When substances react, the atoms involved in the
reactants are rearranged, forming other products. Students have
learned that the physical and chemical properties of the newly
formed substances (products) are different from the physical and
chemical properties of the original substances (reactants).
Students in grade eight will learn that
it is the underlying arrangement of the atoms in the
reactants and products and the energy needed or released during the
rearrangement process that explain chemical reactions. Understanding chemical reactions is essential
because they constitute, directly or indirectly, a large portion of
the discipline of chemistry.
Students need to be able to distinguish a
chemical change from a physical change. In a physical change one or
more physical properties of the material are altered, but the
chemical composition (i.e., the arrangement of the atoms in
molecules) remains the same. In a chemical change the atoms are
rearranged to form new substances with different chemical and
physical properties. Students must be familiar with the periodic
table and the names and symbols of the chemical elements.
In grade one students are prepared for the idea
of chemical reactions when they learn that the properties of
substances can change when they are mixed, cooled, or heated. In
grade three they learn that when two or more substances are
combined, a new substance may be formed with properties that are
different from those of the original materials. In grade five they
learn that during chemical reactions, the atoms in the reactants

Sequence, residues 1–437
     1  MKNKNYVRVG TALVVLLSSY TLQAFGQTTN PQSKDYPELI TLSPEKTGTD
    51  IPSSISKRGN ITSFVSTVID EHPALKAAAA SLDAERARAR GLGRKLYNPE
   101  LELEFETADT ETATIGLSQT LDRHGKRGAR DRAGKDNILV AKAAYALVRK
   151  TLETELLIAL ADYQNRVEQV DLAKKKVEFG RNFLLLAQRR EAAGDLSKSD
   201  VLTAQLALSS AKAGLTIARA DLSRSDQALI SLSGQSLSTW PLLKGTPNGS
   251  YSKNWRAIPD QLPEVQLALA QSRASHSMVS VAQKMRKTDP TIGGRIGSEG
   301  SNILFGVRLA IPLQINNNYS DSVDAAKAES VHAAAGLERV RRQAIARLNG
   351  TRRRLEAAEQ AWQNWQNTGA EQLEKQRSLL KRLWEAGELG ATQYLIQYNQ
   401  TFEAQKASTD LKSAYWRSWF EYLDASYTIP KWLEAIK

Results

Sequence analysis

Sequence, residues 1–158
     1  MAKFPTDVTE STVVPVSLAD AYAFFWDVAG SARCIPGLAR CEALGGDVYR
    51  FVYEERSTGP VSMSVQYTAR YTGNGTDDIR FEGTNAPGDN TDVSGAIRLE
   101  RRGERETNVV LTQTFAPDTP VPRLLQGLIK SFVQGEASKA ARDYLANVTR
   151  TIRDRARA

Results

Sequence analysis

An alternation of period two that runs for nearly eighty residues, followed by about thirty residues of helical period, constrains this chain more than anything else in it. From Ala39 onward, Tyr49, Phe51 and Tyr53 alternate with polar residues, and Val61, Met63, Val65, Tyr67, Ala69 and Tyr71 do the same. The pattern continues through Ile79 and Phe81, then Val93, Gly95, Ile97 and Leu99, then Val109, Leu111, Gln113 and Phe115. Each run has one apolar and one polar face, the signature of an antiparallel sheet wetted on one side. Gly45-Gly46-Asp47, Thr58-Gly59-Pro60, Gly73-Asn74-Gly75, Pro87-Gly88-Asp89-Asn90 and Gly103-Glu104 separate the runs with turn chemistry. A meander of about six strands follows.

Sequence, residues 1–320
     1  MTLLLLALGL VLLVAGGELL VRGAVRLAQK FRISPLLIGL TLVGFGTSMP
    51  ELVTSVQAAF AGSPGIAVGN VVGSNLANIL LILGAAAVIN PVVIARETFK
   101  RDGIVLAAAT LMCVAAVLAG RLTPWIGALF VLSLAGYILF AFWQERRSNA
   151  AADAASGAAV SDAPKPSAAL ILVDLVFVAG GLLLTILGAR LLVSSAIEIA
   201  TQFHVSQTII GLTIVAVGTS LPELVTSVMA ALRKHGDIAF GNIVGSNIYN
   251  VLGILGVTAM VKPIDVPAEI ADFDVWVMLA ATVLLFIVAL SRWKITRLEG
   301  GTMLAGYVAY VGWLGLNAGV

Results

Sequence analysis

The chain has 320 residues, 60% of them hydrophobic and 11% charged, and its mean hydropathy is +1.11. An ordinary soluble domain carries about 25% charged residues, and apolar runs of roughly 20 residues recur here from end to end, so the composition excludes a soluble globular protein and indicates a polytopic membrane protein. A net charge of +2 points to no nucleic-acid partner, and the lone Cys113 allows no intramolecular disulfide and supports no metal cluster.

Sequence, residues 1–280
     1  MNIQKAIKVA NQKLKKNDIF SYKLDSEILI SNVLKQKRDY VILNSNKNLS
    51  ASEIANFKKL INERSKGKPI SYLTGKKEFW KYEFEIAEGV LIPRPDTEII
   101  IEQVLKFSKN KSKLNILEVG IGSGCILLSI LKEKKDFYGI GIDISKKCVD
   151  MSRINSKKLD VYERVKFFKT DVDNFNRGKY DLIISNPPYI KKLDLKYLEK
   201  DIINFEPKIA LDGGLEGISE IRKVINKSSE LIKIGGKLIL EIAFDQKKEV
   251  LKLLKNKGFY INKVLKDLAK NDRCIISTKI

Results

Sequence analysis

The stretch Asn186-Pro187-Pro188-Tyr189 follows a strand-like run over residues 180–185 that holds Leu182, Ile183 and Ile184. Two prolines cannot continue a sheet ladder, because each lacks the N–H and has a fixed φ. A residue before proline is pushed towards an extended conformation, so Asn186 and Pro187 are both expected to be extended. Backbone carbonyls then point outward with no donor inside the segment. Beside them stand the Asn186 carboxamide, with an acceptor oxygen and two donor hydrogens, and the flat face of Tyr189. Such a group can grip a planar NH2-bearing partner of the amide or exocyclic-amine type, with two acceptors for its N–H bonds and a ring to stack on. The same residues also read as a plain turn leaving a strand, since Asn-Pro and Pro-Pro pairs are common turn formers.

rearrange to form products with different properties.
The study on reactions begun in grade eight will
support future studies about conservation of matter and
stoichiometry as well as work on acids, bases, and solutions.
Students will go beyond studying reactions and their
reactant/product relationships to work with the rates of reaction
and chemical equilibrium. Students should be able to envision a
chemical equation at the atomic and molecular levels. They should
“see” the number of reactant atoms and molecules in the equation
coming together and by some process rearranging into the correct
number of atoms and molecules that form the products. This important
conceptual skill helps students to keep track of all the atoms.
This standard focuses on changes that occur when
atoms and molecules as reactants form product compounds with
different chemical properties. Teachers may have students perform
simple reactions or demonstrate the reactions for students.
5.b The conservation of matter is a classical
concept, reinforcing the idea that atoms are the fundamental
building blocks of matter. Atoms do not appear or disappear in
traditional chemical reactions in which the constituent atoms and/or
polyatomic ions are simply rearranged into new and different
compounds. Conservation of atoms is fundamental to the idea of
balancing chemical equations. The total number of atoms of each
element in the reactants must equal the total number of atoms of
each element in the products. The total number of atoms, hence the
total mass, stays the same before and after the reaction.
There are several ways to teach and assess
students’ understanding of the concept of conservation of mass in
chemical reactions. Weighing reactants before and products after a
reaction shows that mass is neither gained nor lost. However,
experimental errors are possible; the most common one is not
sufficiently drying the products before weighing. One simple
demonstration of the concept that atoms (or matter) are conserved in
chemical reactions in which mass might appear to be lost is to
determine the combined mass of a small, sealed container filled
one-third with water, the screw-on cap, and one-quarter of an
effervescent tablet. After the piece of tablet is dropped in the
water, the container is immediately sealed. When the fizzing has
stopped, the combined mass of the sealed container and the tablet
should remain the same. After the seal is broken, much of the carbon
dioxide gas formed by the reaction escapes, and the mass of the
container and its contents decrease.
Students should also be taught to balance simple
chemical equations. This step reinforces the idea that atoms do not
appear or disappear in chemical reactions and, therefore, that
matter is conserved.